173 posted on 01/15/2006 12:08:58 PM PST by NY Attitude (You are responsible for your safety until the arrival of Law Enforcement Officers!)
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To: Khashayar
A U-Boat is attacked and sunk by a B-24 - A 5-photo sequence
174 posted on 01/15/2006 12:18:21 PM PST by lowbridge (All that is needed for evil to triumph is for "RINOS" to do something)
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To: Khashayar
To the Iranian Naval Commander:
Remember, you can dive the boat faster if you leave the hatches open.
175 posted on 01/15/2006 12:23:25 PM PST by relee
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To: RJL
From its looks, it will ferry about five troops at a time.

Probably not far off – the North Koreans ferried small teams into South Korea and Japan.
176 posted on 01/15/2006 12:54:06 PM PST by R. Scott (Humanity i love you because when you're hard up you pawn your Intelligence to buy a drink.)
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To: Khashayar

I find it hard to classify anything that can be carried over open roads on a flatbed semi as a warship. That thing is a joke. It looks just slightly longer than about two of our MK48 torpedoes.

177 posted on 01/15/2006 2:05:00 PM PST by EricT. (Join the Soylent Green Party. We recycle dead environmentalists....Thanx to Kenny Blankenship!)
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To: EricT.

The unimproved KILO is 237 feet.


178 posted on 01/15/2006 2:11:52 PM PST by NY Attitude (You are responsible for your safety until the arrival of Law Enforcement Officers!)
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To: Brooklyn Kid
They may have chuckled in the first few seconds after seeing it, but they know the potential for destruction one of these things has.

That thing is gonna make so much racket if it goes over 2 knots that we'll be able to hear it over here in our home bathtubs. It's about as hydrodynamic as a sunken school bus with the doors open and the windows down. It may be a danger to non-combatants with no Sonar, but they better make the first shot count. As far as our warships are concerned, it won't be able to sneak up or even keep up with them in the open ocean.

179 posted on 01/15/2006 2:23:43 PM PST by EricT. (Join the Soylent Green Party. We recycle dead environmentalists....Thanx to Kenny Blankenship!)
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To: tryon1ja
I remember eluding the Navy's best back in the 60's.

ASW has made some major leaps since the 60's.

180 posted on 01/15/2006 2:30:09 PM PST by EricT. (Join the Soylent Green Party. We recycle dead environmentalists....Thanx to Kenny Blankenship!)
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To: MNJohnnie; Smokin' Joe; penelopesire; Jack Hammer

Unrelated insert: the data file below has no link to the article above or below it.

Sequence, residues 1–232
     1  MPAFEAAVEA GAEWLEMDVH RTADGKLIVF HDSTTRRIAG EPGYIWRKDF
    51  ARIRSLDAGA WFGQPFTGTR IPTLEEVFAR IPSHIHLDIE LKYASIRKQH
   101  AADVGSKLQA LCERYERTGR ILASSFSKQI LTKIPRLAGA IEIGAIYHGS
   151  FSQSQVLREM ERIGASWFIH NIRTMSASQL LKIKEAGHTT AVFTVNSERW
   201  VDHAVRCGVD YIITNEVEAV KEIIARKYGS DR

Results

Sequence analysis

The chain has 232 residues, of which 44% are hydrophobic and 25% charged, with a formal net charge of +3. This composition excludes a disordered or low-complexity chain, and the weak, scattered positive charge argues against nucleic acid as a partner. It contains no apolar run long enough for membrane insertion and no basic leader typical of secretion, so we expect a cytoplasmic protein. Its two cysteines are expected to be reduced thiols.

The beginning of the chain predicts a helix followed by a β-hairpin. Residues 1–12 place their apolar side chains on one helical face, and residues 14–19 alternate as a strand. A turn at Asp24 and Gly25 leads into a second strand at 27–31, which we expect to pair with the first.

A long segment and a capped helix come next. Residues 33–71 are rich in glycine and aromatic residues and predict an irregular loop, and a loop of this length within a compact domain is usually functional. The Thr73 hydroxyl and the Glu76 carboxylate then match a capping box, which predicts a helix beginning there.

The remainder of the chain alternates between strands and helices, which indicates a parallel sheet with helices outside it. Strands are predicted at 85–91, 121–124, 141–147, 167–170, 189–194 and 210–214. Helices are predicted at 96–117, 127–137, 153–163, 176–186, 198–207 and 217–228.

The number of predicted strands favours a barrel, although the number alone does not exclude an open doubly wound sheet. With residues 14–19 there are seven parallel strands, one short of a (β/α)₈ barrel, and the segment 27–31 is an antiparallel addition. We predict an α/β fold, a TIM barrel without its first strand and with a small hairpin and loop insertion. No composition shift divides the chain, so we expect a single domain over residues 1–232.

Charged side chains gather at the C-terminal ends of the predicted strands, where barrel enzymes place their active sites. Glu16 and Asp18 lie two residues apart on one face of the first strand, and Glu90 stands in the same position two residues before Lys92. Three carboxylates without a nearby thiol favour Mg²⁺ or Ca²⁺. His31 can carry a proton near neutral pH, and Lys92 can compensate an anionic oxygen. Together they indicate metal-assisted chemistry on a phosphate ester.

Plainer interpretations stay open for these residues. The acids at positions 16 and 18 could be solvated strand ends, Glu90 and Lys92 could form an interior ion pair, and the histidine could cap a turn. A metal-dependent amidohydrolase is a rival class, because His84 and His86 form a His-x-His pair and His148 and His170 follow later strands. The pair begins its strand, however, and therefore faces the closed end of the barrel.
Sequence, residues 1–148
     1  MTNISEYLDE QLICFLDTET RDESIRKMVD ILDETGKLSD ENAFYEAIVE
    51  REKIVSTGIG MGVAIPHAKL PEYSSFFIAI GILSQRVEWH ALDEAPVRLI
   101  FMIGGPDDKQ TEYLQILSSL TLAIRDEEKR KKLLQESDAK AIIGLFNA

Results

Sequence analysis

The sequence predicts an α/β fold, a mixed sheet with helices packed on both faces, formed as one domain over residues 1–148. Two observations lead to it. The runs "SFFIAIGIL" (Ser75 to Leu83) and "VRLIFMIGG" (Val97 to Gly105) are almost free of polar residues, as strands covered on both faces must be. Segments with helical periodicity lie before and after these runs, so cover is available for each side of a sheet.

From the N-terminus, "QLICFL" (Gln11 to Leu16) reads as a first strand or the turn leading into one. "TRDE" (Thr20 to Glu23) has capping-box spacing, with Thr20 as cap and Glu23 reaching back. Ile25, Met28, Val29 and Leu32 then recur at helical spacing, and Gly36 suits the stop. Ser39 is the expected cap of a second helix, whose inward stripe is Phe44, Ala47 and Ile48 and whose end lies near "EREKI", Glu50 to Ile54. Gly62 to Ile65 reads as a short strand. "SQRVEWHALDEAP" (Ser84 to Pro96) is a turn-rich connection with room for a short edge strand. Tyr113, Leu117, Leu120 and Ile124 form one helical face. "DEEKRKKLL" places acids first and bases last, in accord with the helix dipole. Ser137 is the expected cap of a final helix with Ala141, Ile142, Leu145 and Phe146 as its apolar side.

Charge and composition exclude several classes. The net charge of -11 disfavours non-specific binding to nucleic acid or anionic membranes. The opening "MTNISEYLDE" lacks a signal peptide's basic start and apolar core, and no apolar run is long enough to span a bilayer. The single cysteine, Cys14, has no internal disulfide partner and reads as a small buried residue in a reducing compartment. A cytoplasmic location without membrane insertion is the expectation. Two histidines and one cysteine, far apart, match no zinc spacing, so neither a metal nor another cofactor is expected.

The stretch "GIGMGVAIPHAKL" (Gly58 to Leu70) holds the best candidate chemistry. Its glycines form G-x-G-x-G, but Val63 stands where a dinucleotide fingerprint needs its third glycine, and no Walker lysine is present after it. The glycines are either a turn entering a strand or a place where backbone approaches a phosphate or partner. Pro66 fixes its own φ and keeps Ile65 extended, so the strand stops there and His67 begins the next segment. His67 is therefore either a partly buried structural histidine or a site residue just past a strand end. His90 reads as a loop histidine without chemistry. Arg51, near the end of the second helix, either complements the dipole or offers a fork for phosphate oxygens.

Guys, the talk about the depth of the water brings something else to mind:

Visibility from above using radar/laser for non-acoustical detection.

These mini subs are good for only one thing: suicide missions. To use on of these to take out a oil tanker would be a waste of submarine.


181 posted on 01/15/2006 2:39:09 PM PST by RaceBannon ((Prov 28:1 KJV) The wicked flee when no man pursueth: but the righteous are bold as a lion.)
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To: RaceBannon

"These mini subs are good for only one thing: suicide missions."

Fits the Islamist MO. Thanks for the ping.


182 posted on 01/15/2006 2:43:40 PM PST by penelopesire
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To: andy58-in-nh

LOL! Dufus on another secret trip to Cambodia.


183 posted on 01/15/2006 3:40:53 PM PST by AmericaUnited
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To: AmericaUnited
I bet this joke is incredibly noisy and we can 'hear it' from miles away.

Depends. If it's running on batteries, it's probably fairly quite. It won't be going all the fast, so flow noise won't be much of a factor, and electric motors are pretty quiet. However, if it's running on the surface, or snorting its diesels while at periscope depth, it's toast. If we are deaf and can't hear it, the radar in the P-3 and various helicopters will see it. Then they'll kill it.

184 posted on 01/15/2006 5:15:54 PM PST by El Gato (The Second Amendment is the Reset Button of the U.S. Constitution)
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To: Axlrose
Its going to be diesel/electric so no when its stopped its going to be as quiet as any western nations nuclear submarine. If not quieter.

Moving or not it ain't gonna make a lick of difference. From what I can tell, it looks to be made out of steel. Do you know what happens when sonar hits steel?
185 posted on 01/15/2006 5:33:16 PM PST by YoungHickey
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To: Jack Hammer; Fred Nerks
You don't have to be an "expert." Sooner or later, after the US Navy gets done with it, it will look like this:


186 posted on 01/15/2006 9:58:38 PM PST by Salem (FREE REPUBLIC - Fighting to win within the Arena of the War of Ideas! So get in the fight!)
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To: PeteB570